I’ve always been a voracious reader. I read for pleasure, relaxation, inspiration, and insights. I’ve also discovered that for those of us who are writers, there’s a bonus feature baked into every great book: a master class on writing.
I enjoy exploring an author’s sensory descriptions, seamless transitions, witty dialogue, deft handling of POV, and judicious sprinklings of humor. I’m fascinated by the sleight of hand that plants foreshadowings and the skillful ways in which the writer made me lose sleep for turning pages late into the night. And, perhaps most important, I am always in awe of the keen eye that shines a light on the manifold facets of human nature.
Jane Austen is one of those authors with an unflinching eye for human nature at its best and its worst. So are Nick Hornby, Zadie Smith, J.K. Rowling, and Aurelia Haslboeck, whose debut novel, The Journeys of John and Julia: Genesis, exemplifies why I return to the works of these authors again and again. I re-read them for pleasure, inspiration, and to marvel at the sheer brilliance of their writing.
Recently, within the space of two weeks, I devoured the first three books in J.K. Rowling’s Cormoran Strike detective series, which she writes under the pen name Robert Galbraith. Here’s a brief clip of Rowling talking about the creation of her series:
I’ve never thought of myself as an avid reader of detective fiction, but that has changed since reading The Cuckoo’s Calling, The Silkworm, and Career of Evil, which are the first three books in Galbraith’s series. So vividly and insightfully does Galbraith draw the lead characters that solving the mystery becomes secondary to the compelling personal and professional struggles of the hero and heroine.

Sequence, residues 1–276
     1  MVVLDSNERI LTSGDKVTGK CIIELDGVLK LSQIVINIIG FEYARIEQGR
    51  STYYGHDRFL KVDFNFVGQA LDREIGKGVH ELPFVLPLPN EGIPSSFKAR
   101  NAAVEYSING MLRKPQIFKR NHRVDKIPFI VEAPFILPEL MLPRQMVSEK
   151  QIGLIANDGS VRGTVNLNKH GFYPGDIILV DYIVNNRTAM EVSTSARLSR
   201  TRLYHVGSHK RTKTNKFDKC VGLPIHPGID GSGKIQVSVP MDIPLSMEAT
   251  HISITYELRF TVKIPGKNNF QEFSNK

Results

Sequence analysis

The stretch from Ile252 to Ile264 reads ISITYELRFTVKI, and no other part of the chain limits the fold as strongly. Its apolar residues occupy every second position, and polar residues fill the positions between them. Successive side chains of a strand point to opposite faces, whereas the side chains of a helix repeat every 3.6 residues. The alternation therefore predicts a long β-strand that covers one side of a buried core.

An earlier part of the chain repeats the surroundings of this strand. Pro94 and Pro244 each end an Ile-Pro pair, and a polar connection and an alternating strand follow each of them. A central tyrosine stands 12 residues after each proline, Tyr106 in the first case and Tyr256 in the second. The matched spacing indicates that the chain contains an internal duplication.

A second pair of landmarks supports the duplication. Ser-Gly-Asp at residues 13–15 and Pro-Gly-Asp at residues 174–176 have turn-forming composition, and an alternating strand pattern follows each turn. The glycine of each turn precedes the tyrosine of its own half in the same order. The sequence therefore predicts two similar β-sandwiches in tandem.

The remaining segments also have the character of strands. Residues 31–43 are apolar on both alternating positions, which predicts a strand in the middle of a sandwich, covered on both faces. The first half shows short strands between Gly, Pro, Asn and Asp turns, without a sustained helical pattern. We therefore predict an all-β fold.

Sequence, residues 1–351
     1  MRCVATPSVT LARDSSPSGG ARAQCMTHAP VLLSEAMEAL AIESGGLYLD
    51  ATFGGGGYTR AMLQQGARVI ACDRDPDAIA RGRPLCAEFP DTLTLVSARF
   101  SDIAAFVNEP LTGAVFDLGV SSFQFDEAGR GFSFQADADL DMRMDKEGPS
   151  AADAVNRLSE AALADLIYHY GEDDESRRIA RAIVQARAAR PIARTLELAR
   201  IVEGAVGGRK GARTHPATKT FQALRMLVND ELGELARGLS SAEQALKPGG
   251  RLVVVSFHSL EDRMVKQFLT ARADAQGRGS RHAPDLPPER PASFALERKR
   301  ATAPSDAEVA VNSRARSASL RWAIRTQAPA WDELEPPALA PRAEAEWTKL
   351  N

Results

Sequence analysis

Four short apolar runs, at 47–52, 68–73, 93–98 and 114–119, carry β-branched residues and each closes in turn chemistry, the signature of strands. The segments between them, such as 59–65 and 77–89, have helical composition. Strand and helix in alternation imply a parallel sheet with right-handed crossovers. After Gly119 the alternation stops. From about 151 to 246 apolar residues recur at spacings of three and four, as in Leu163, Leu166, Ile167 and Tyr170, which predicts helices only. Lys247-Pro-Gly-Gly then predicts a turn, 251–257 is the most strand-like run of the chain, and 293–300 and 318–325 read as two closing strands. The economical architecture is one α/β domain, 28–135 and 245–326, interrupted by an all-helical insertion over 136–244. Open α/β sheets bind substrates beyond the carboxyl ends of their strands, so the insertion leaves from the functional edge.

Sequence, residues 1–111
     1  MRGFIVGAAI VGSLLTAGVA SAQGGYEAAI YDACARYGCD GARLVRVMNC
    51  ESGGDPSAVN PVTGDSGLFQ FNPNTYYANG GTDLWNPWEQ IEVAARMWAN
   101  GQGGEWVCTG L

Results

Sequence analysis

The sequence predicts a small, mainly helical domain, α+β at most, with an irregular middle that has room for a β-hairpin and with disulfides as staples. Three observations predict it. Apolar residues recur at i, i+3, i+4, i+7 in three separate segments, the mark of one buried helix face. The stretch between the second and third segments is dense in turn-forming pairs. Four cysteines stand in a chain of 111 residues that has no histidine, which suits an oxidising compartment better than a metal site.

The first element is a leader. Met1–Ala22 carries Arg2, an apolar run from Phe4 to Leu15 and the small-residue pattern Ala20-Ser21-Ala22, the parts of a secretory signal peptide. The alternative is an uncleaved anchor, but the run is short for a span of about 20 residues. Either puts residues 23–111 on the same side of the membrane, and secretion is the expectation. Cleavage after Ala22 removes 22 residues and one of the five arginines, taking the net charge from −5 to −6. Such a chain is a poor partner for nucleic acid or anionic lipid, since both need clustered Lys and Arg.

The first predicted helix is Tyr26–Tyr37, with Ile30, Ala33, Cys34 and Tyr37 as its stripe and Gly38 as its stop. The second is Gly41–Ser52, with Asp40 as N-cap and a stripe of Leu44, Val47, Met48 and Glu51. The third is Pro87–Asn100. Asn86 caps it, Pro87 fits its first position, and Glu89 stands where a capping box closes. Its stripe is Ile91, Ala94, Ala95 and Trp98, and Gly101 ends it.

They are private detective Cormoran Strike and his assistant/partner Robin Ellacott. He is a wounded warrior, a veteran of the war in Afghanistan who used to be an investigator for the military and now has his own detective agency. He is a master at what he does, but his agency is often on the brink of financial ruin. She is hardworking, highly intelligent, and indispensable to her boss. She is also newly engaged to a man who feels nothing but contempt and jealousy for her work with Strike.
Here’s a tiny taste of the delights that can be found on every page:
“People liked to talk; there were very few exceptions, the question was how you made them do it. Some were amenable to alcohol; others liked a spotlight; and then there were those who merely needed proximity to another conscious human being. A subsection of humanity would become loquacious only on one favorite subject; it might be their own innocence, or somebody else’s guilt.”
―Robert Galbraith, The Cuckoo’s Calling
“Monday-morning faces: sagging, gaunt, braced, resigned.”― Robert Galbraith,
“More pre-Christmas revelers on the Friday-night Tube: girls in ludicrously tiny glittering dresses risking hypothermia for a fumble with the boy from Packaging.” ―Robert Galbraith, The Silkworm
“Why do people do this?’
‘Blog, you mean? I don’t know … didn’t someone once say the unexamined life isn’t worth living?’
‘Yeah, Plato,’ said Strike, ‘but this isn’t examining a life, it’s exhibiting it.”
― Robert Galbraith, The Silkworm
Frankly, I don’t know how I’m going to stand the wait for the fourth book in the series. Guess I’ll have to re-read the first three for those bonus features. And for the pure pleasure of reading a masterfully told story.